Real Food V: Sauerkraut

Sauerkraut is part of a tradition of fermented foods that reaches far into human prehistory. Fermentation is a means of preserving food while also increasing its nutritional value. It increases digestibility and provides us with beneficial bacteria, especially those that produce lactic acid. Raw sauerkraut is a potent digestive aid, probably the reason it's traditionally eaten with heavy food.

Sauerkraut is produced by a process called ‘anaerobic’ fermentation, meaning ‘without oxy
gen’. It’s very simple to achieve in practice. You simply submerge the cabbage in a brine of its own juices and allow the naturally present bacteria to break down the sugars it contains. The process of ‘lacto-fermentation’ converts the sugars to lactic acid, making it tart. The combination of salt, anaerobic conditions, and acidity makes it very difficult for anything to survive besides the beneficial bacteria, so contamination is rare. If it does become contaminated, your nose will tell you as soon as you taste it.

Typical store-bought sauerkraut is far inferior to homemade. It's soggy and sulfurous. Raw homemade sauerkraut is crunchy, light, and tart.

My method is inexpensive and requires no special equipment. I've tested it many times and have never been disappointed.

  • Wide-mouth quart canning jars (cheap at your local grocery store)
  • Beer bottles with the labels removed, or small jars that fit inside the canning jars
  • Three tablespoons of sea salt, pickling salt, or Kosher salt (not iodized table salt)
  • Five pounds of green cabbage
  1. Chop cabbage thinly. Ideally the slices should be 2 mm or so wide, but it doesn’t matter very much. You can use a food processor, mandolin or knife.
  2. Put all the cabbage together in a large bowl and add the salt. If the salt is not very dense (sometimes finely ground sea salt can be fluffy), you can add up to 5 tablespoons total. Mix it around with your hands. Taste some. It should be good and salty.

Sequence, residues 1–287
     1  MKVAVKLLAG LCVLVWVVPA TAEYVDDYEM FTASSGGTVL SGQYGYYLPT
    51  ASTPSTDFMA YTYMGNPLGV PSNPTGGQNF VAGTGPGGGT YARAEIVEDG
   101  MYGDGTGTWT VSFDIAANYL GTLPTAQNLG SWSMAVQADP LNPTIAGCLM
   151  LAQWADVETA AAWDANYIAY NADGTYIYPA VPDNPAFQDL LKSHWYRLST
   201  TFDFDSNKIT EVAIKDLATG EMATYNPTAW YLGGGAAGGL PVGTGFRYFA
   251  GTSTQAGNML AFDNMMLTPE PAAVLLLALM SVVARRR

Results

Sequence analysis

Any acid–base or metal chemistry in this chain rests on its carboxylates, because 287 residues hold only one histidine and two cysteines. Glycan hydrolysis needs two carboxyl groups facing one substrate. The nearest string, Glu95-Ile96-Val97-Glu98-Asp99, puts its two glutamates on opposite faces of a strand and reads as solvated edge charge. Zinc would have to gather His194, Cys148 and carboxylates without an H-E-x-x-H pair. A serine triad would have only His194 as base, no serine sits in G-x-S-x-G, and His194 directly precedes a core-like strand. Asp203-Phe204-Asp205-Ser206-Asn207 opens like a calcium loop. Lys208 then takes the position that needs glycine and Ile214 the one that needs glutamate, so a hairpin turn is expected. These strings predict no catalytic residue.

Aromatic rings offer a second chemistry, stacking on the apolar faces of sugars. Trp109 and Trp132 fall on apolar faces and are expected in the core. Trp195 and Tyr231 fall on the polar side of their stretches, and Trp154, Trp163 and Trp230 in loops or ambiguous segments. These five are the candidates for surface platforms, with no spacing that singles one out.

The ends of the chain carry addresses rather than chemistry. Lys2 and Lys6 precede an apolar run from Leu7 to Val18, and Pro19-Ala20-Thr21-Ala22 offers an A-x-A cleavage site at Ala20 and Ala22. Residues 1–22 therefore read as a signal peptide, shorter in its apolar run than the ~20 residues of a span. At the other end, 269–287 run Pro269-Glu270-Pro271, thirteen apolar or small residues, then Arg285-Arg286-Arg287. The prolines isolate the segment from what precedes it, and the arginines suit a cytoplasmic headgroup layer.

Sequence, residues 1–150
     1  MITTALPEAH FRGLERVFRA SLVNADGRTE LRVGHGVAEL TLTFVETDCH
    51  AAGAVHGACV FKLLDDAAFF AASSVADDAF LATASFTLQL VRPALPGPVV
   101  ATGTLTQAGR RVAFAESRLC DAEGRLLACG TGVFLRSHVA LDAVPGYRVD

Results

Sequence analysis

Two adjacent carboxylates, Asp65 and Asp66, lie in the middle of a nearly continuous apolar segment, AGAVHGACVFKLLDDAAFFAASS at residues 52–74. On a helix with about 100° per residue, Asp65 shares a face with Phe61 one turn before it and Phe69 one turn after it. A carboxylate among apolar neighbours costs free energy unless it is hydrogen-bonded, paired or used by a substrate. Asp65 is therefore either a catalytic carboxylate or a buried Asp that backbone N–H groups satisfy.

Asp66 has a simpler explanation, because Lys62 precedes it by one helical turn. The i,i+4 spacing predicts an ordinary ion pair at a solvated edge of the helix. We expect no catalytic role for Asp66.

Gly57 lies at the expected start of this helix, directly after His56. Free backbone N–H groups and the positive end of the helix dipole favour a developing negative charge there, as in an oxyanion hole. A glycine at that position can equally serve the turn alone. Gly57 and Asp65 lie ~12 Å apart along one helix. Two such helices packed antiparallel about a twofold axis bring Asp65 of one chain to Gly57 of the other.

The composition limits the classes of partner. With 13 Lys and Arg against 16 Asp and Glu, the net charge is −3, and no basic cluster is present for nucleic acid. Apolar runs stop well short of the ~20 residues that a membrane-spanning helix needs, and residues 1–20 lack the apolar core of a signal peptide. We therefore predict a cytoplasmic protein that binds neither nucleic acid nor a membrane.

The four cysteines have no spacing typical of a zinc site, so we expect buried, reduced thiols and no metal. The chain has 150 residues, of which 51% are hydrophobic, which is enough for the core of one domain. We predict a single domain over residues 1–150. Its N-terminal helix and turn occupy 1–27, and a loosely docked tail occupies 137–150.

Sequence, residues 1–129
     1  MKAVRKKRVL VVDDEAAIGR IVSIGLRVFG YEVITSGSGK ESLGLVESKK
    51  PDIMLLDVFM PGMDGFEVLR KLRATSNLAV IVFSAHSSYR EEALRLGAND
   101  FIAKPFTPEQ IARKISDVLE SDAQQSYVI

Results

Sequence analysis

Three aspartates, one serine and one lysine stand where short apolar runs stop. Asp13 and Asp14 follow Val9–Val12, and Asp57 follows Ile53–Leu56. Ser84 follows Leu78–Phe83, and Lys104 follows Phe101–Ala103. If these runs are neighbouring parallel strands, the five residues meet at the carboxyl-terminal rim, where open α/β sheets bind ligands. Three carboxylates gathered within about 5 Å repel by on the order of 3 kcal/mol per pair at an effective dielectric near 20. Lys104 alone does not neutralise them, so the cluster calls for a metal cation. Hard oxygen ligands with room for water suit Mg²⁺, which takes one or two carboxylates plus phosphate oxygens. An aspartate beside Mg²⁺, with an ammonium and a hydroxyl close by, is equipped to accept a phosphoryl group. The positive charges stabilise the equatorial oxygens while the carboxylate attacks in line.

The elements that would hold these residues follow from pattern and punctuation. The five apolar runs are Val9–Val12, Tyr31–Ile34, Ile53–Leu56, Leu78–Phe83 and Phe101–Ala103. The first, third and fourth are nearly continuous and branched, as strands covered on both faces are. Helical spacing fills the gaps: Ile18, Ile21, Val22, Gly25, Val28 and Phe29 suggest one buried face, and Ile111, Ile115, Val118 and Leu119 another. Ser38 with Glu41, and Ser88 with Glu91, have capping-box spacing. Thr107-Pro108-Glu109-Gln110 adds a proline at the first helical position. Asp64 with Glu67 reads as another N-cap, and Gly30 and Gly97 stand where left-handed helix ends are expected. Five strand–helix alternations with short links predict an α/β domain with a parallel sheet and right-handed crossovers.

3. Let the salted cabbage sit in the bowl for 30 minutes or so. It should be starting to get juicy.
  4. Pack the cabbage tightly into the canning jars. Leave 2-3 inches at the top of the jar. When you push on the cabbage in the jar, you should be able to get the brine to rise above the cabbage. Try to get rid of air bubbles.
  5. Put water into the beer bottles and place them into the canning jars. The weight of the bottles will keep the cabbage under the brine. It’s okay that some of the brine is exposed to the air; the cabbage itself is protected.
  6. Let it sit for 2 weeks at room temperature! As the fermentation proceeds, bubbles will form and this will raise the level of the brine. This is normal. You might get some scum on top of the liquid; just check for this and scrape it off every few days. It won’t affect the final product. If the brine drops to the level of the cabbage, add salt water (1 tsp/cup, non-chlorinated water) to bring it back up.
  7. Taste it! It should be tart and slightly crunchy, with a fresh lactic acid flavor. If fully fermented, it will keep in the fridge for a long time.
Here are some photos from making sauerruben, which is like sauerkraut but made with turnips:


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